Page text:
Page D1.1 . 05 December 2001                     
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    Israel's Ambassador in Stone

    by Lili Eylon

    This was to be Israel's first embassy in Berlin, the same city in which, almost 60 years ago, the then-ruling Nazis decided on a "final solution." That death sentence for millions of Jews is now commemorated in six stone pillars at the building's entrance.

    In designing the embassy, the architects were faced with the challenge of finding a symbolically appropriate architectural expression, while refraining from monumentalism. Tel Aviv architect Orit Willenberg-Giladi worked in collaboration with German architect Wolfgang Keilholz.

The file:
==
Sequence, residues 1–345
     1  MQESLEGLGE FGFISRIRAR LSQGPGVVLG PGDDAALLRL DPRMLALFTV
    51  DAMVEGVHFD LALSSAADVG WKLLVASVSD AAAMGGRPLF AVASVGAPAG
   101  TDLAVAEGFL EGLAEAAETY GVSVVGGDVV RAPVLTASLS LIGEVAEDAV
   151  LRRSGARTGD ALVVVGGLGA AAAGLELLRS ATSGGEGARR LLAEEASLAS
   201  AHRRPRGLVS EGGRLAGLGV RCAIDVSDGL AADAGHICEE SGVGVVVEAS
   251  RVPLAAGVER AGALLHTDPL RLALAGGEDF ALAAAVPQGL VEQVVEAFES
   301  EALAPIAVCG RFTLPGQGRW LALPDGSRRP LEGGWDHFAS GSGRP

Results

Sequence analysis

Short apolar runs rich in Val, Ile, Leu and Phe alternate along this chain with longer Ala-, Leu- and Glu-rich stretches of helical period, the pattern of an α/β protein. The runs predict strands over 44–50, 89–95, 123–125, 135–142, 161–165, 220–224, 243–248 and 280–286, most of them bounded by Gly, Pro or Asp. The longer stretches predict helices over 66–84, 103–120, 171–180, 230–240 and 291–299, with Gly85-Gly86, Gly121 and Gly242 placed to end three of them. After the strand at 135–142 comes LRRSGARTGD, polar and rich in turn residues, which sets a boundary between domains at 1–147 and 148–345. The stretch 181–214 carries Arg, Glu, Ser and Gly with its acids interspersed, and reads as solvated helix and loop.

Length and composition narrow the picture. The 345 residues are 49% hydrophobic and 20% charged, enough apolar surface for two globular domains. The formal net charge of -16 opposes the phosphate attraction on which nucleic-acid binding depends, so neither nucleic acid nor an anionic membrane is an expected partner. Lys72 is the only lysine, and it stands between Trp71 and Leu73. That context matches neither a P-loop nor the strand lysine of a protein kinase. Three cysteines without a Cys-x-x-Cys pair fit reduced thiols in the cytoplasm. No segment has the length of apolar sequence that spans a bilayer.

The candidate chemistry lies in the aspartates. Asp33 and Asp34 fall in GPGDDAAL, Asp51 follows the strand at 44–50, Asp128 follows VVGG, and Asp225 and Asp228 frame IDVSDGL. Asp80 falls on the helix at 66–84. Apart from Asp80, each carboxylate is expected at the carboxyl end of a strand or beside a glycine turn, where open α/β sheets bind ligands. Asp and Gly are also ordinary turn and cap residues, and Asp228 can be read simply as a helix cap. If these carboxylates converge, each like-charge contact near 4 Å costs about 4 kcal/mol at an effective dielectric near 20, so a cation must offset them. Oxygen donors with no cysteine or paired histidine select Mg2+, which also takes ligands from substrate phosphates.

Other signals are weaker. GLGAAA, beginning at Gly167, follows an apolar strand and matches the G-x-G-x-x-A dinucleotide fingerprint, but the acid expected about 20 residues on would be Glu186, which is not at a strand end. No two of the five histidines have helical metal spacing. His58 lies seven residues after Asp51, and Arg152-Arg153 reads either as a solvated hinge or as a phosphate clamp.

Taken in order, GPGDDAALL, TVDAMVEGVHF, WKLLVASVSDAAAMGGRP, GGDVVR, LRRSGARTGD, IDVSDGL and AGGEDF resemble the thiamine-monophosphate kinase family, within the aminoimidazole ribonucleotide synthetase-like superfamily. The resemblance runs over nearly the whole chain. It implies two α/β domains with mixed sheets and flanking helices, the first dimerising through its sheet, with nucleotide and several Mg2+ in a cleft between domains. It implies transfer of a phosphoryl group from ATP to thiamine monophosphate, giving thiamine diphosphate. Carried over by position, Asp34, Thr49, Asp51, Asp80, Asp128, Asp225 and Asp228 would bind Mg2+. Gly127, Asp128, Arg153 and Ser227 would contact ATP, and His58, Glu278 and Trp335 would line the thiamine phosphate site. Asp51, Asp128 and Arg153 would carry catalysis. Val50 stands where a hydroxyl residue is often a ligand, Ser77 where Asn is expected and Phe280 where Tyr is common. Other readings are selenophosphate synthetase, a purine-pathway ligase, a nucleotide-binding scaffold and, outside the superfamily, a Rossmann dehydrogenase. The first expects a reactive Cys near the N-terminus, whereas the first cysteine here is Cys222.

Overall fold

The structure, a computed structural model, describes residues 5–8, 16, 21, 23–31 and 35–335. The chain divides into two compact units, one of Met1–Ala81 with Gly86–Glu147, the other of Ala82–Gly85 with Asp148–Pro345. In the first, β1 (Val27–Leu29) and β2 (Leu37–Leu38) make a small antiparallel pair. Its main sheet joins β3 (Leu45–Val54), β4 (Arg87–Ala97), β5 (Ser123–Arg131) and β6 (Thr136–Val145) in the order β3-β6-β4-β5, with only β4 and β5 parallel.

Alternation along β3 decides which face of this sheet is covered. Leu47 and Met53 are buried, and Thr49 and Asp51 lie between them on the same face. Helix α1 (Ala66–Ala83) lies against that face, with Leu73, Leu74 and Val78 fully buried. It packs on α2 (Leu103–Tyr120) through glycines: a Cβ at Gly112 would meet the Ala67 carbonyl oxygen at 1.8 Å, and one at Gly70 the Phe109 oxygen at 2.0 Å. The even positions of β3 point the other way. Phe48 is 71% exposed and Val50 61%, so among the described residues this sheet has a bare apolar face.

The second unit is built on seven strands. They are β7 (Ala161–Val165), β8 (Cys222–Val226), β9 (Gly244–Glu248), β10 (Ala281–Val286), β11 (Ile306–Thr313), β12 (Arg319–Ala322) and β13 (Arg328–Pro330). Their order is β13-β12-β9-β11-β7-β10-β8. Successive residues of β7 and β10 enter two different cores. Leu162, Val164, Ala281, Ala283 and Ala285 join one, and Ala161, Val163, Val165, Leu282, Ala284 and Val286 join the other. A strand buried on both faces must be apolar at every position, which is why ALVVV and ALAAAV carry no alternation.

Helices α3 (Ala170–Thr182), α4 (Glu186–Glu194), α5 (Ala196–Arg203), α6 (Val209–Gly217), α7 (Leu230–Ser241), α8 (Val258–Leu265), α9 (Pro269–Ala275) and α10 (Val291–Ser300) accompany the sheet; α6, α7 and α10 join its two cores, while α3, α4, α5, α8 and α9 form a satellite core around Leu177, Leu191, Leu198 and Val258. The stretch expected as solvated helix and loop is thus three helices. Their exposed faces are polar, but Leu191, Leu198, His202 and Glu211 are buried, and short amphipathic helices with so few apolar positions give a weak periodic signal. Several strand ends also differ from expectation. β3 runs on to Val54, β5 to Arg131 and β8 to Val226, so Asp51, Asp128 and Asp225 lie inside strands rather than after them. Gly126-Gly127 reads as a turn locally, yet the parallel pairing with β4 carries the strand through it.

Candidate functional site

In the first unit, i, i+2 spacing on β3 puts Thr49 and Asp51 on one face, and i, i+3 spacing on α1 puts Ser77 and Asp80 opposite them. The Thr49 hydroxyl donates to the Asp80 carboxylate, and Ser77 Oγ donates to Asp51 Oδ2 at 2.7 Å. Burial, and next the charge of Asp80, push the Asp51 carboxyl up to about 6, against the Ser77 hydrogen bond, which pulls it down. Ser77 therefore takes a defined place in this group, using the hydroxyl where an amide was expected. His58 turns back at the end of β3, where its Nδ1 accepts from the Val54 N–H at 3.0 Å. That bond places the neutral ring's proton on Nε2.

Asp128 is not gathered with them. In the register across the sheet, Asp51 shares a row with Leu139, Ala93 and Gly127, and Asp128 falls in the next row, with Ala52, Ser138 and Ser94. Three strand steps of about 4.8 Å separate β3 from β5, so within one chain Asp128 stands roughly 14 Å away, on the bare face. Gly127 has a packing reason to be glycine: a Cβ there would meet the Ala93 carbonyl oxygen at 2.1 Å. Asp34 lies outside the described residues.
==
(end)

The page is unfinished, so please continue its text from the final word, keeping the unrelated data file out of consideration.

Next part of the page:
The design for the building sought to embody the intrinsic complexity and symbolism inherent in a representation of the Jewish State in reunited Berlin. The idea was to account for both the tragic historic background and the strong positive relations between the two countries, without one dominating the other.

    It was also felt important to create a building that would be unassuming, reflecting the (sometimes forgotten) modest size of the State of Israel. The official embassy and neighboring ambassadorial residence serve as a welcoming space, inviting visitors to participate in the dialogue between Germany and Israel. All this without compromising on the practical considerations of modern office requirements and comfortable dwelling quarters.   >>>

     

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    ArchWeek Image

    Israel's first embassy in Berlin, designed by Tel Aviv architect Orit Willenberg-Giladi in collaboration with German architect Wolfgang Keilholz.
    Photo: Guenther Schneider

    ArchWeek Image

    Main entrance to the embassy.
    Photo: Guenther Schneider

     

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